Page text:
But most amazingly, most miraculously, now Ob is insisting that May was, is, right here with us. That she came back a few days ago and is truly right here with us. (2.6)
Uncle Ob has to believe that Aunt May's still around, looking over their shoulders—it's the only way he can keep thinking that he'll be able to communicate with his beloved wife in some way.
I believe in ghosts. Maybe angels would be a better word for them. But ghosts seems more to the point. So if Ob says May was here, I figure she was. (2.33)
Summer is ready to jump on that ghost-hunting Kool-Aid too. After all, she loved Aunt May just as much as Uncle Ob did, plus she's willing to do anything as long as it helps Uncle Ob recover from his debilitating grief.
"I passed on. I did. I remember this light ahead of me and reaching out to it. I went after it, and suddenly everything was brilliant white, and I swear to God, my grandpa was there smiling at me and—you won't believe this part—my little dog Cicero who'd been dead three years, he was with me, too." (4.34)
And here's yet another reason why Uncle Ob gets along so well with Cletus—the kid likes old pictures, talks about weird things, and might have some kind of link to the spirit world.
Ob must have thought that by talking about May there in that place, painting her before Cletus's ignorant eyes, he could flood the garden with the vibrations needed to draw her to us. (5.4)
Even though Uncle Ob and Summer aren't exactly church-going folk, they're still hopeful that Aunt May will come to them. They still want to believe that there's a way to communicate with her.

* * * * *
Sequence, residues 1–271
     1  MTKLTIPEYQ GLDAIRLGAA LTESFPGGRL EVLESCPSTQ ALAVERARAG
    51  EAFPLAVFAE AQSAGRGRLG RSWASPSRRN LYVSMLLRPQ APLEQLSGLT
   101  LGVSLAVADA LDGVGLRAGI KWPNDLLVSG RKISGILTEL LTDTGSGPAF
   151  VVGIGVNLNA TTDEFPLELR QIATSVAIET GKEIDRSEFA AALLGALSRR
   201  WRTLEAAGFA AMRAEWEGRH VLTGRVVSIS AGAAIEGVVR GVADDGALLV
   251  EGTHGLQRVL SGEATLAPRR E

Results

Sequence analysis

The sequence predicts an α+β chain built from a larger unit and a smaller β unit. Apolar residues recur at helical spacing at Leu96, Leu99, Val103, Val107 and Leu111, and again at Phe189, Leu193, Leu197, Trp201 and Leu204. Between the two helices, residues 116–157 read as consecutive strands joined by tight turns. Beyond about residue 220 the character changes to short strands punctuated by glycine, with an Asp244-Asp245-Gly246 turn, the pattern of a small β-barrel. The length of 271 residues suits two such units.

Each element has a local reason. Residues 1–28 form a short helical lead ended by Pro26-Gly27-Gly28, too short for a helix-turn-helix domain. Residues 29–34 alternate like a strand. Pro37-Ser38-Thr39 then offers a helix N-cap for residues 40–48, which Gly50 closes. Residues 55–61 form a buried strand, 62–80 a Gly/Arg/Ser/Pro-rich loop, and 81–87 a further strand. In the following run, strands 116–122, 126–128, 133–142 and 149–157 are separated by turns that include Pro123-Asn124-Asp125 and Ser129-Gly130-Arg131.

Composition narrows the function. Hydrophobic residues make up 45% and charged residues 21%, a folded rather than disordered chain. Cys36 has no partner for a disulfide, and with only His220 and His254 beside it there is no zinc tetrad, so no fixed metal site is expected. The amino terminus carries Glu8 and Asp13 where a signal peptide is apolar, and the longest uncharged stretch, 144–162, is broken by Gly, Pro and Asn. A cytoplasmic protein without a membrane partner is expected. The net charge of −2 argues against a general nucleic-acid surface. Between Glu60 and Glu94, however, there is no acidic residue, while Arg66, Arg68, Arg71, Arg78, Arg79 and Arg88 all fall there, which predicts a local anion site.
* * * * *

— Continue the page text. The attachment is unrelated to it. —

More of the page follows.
"Ob's got visions, Summer. Just like you, except you're always fighting yours off." (5.35)
Man, Cletus does not take kindly to Summer's skepticism. The way he sees it, she's actively trying not to believe in Uncle Ob's brushes with Aunt May's spirit. Do you think she's just trying to protect herself from disappointment?
"The pastor there, it says, can communicate with the dead. Says that's what the whole church is about. Making connections between this world and the other side. This isn't any ordinary church." (7.5)
Uncle Ob is so desperate for a connection to Aunt May that he's willing to put all his faith in a strange little cut-out from the newspaper. Although most people would look at this ad with a raised eyebrow, he immediately decides to go see the church.
"'The Reverend Miriam B. Young: Small Medium at Large.' Don't you just love that? [...] Anyway, some call her the Bat Lady because she keeps bats as pets. Others call her the White Lady because she only wears white." (7.6)
Even though we never get to see Miriam B. Young in the book, we think that if there were a movie adaptation, this would be the kind of role that Helena Bonham Carter would be naturally suited for. She's just so witchy.
Turned back and in a quiet voice said to the man, "I was hoping she could help me contact my wife. I needed to talk to my wife." (10.15)
Oh no—Uncle Ob's dreams are all dashed. He came all this way to talk to Aunt May and all he's got to show for it is an empty gas tank and a couple of disappointed and worried kids.
We all let out a little gasp. The wings were so completely silent and we so unprepared. But the moon was bright and the shadow of those wings so real, and before we could find our voices, before I could call out, "Wait!" the owl had flown off into the night. (11.18)
They should have known that if Aunt May was really going to show herself to them, she'd do so on her own turf. After driving all that way and back home, Uncle Ob and Summer finally get a little sign from their beloved May.
"'What is the true mission of spirit messages? To bring us consolation in the sorrows of life...'" (12.10)
Was the owl really a message from beyond the grave? Who cares—what really matters is that Uncle Ob and Summer were able to derive some comfort from it.